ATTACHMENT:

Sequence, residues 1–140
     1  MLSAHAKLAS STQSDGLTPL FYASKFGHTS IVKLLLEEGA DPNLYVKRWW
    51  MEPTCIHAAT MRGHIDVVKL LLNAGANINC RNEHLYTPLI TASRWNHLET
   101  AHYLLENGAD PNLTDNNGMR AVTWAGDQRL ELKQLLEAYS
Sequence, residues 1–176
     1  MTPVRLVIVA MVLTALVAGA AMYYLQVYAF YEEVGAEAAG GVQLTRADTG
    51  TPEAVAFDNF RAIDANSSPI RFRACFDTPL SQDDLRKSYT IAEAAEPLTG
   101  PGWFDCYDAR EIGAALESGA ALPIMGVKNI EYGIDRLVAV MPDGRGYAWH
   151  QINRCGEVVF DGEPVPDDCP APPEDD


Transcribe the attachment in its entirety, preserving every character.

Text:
Sequence, residues 1–140
     1  MLSAHAKLAS STQSDGLTPL FYASKFGHTS IVKLLLEEGA DPNLYVKRWW
    51  MEPTCIHAAT MRGHIDVVKL LLNAGANINC RNEHLYTPLI TASRWNHLET
   101  AHYLLENGAD PNLTDNNGMR AVTWAGDQRL ELKQLLEAYS
Sequence, residues 1–176
     1  MTPVRLVIVA MVLTALVAGA AMYYLQVYAF YEEVGAEAAG GVQLTRADTG
    51  TPEAVAFDNF RAIDANSSPI RFRACFDTPL SQDDLRKSYT IAEAAEPLTG
   101  PGWFDCYDAR EIGAALESGA ALPIMGVKNI EYGIDRLVAV MPDGRGYAWH
   151  QINRCGEVVF DGEPVPDDCP APPEDD